Kristen Maryn | Posted July 5th, 2011 | Africa

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A quick diversion from work, in honor of 4th of July.  This weekend, Charlotte and Cleia took a break from Enoosean to relax in the city.  Relaxing in Nairobi sounds counter-intuitive, but when you are coming from the Maasai bush, hot showers and grocery stores are welcome.  So finally, the Kenya branch of AP was united.

Kenya AP Fellows
Kenya AP Fellows

On Sunday, after convincing Cleia to join us, we made the trek down to Nairobi National Park near Karen and tried to make friends with the baby elephants at the David Sheldrick Elephant Orphanage.  The orphanage takes in and rehabilitates orphaned elephants until they can be released into the wild – typically in Tsavo National Park.  For most, this takes over ten years, and there are different levels of care and human interaction the elephants receive, depending on their age.

The orphanage opens its doors to the public every morning (and evening if you decide to “foster” an elephant) and presents its babies to everyone (you can see profiles of the babies on the website!).  It is informal and comfortable (minus the jostling of wzungu), and the trainers encourage the elephants to interact with the crowd.  By the end of the hour, even Cleia had joined Team Baby Elephant.  There were quite a few squeals of joy among us.  And hundreds of photos.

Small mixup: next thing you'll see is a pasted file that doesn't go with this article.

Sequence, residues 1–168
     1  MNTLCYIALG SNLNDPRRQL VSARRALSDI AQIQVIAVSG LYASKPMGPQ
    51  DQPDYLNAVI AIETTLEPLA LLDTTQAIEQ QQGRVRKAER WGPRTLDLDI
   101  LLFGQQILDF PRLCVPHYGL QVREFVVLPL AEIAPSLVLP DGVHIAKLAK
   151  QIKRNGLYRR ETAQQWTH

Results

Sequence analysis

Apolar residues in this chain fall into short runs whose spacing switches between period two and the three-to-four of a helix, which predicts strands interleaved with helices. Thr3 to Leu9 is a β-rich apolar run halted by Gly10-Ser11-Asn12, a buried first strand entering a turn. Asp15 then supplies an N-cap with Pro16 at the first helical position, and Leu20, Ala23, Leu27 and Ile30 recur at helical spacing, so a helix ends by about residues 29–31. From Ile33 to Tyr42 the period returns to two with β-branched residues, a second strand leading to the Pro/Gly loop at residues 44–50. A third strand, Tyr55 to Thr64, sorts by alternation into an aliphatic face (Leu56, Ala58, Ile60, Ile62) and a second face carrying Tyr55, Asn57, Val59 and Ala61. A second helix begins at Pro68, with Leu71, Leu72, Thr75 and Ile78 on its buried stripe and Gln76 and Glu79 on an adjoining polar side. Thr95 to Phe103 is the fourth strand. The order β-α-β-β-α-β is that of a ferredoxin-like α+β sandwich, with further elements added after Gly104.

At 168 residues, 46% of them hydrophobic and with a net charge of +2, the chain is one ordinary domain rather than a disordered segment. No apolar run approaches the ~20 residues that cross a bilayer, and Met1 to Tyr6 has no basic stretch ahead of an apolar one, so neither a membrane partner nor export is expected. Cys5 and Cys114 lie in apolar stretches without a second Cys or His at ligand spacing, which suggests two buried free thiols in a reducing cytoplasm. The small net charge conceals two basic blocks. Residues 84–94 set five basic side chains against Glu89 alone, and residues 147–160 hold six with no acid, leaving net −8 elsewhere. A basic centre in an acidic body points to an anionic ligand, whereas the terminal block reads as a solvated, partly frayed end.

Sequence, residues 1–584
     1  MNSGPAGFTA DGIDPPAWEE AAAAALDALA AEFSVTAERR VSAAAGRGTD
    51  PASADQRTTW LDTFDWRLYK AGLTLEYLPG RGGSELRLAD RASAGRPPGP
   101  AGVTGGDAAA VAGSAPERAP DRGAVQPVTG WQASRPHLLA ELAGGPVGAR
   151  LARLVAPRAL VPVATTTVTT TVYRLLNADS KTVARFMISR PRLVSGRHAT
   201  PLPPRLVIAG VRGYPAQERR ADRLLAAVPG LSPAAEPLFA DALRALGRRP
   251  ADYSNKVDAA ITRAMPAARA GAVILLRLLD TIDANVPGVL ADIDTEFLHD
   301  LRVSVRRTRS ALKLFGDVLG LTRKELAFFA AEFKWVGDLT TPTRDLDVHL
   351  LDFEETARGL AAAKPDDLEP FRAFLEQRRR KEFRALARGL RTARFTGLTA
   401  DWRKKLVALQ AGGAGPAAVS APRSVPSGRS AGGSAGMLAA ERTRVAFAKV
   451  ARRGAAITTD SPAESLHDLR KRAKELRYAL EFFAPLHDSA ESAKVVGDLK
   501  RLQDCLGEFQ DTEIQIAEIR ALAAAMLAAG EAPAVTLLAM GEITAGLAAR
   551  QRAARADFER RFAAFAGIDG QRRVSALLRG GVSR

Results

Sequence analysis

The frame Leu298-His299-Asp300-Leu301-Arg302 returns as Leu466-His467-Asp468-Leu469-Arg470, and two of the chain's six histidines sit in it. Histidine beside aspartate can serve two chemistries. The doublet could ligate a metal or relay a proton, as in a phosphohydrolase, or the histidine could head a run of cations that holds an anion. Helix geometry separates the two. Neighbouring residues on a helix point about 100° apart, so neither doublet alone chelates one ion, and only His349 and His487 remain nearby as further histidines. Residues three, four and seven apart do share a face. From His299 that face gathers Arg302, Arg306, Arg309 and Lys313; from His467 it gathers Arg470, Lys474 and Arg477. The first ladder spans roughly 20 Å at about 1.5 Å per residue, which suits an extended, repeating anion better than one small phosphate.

The first group was the babiest of the babies (the Nursery Herd), including 9-month old Naipoki (wearing the blanket – meant to reduce the risk of pneumonia).

The Nursery Herd
The Nursery Herd


The second group was older, around 2 to 3 years old.  This is right when they start developing tusks and about the age they get weened off the milk.

The Elder Herd
The Elder Herd

Feeding Time
Feeding Time

The bond between the elephants and the keepers was incredible and enviable (at least for me).

Follow the Leader
Follow the Leader

Handy Arm Rest
Handy Arm Rest

A highlight was definitely the dog-pile that ensued right before the babies were led out.  What hams!

The Dog-pile Begins
The Dog-pile Begins

The orphanage does not discriminate and has rescued countless other animals, including a baby black rhino, which due to its blindness, was abandoned by its mother.

Baby Black Rhino
Baby Black Rhino

Mama Baboon
Mama Baboon

We also discovered this baboon family, complete with a baby hanging onto the mom’s belly (Dad had already run into the trees).  The mom was none too interested in us, which was probably for the better.  As the center is situated in Nairobi National Park, getting there requires driving through land still controlled by animals…including lions.  So we were quickly ushered back into the car.

I really enjoyed getting to know Cleia and Charlotte; it was great to hear about their experiences with the Kakenya Center.  I am looking forward to eventually getting to see Enoosean to get a feel for Maasai life, but it was also nice to share mine with them.

As always, more photos are available on Flickr.

2 Responses to “There is no such thing as too many baby elephants. Or AP Fellows.”

  1. iain says:

    Let’s hear it for the animals! You’re just a big softy. (But we all feel so sorry for the blind baby rhino…) As for those three girls in the top photo: give them a banana! Glad that you could relax: you need the break.

  2. Pegah says:

    What a lovely post, Kristen! I’m very glad to hear that all of the AP Kenya girls were able to take a day off to get to know one another and to share such a wonderful experience together.

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A (Brief) History of the Railroad Expansion and Its Woes

Kristen Maryn | Posted July 4th, 2011 | Africa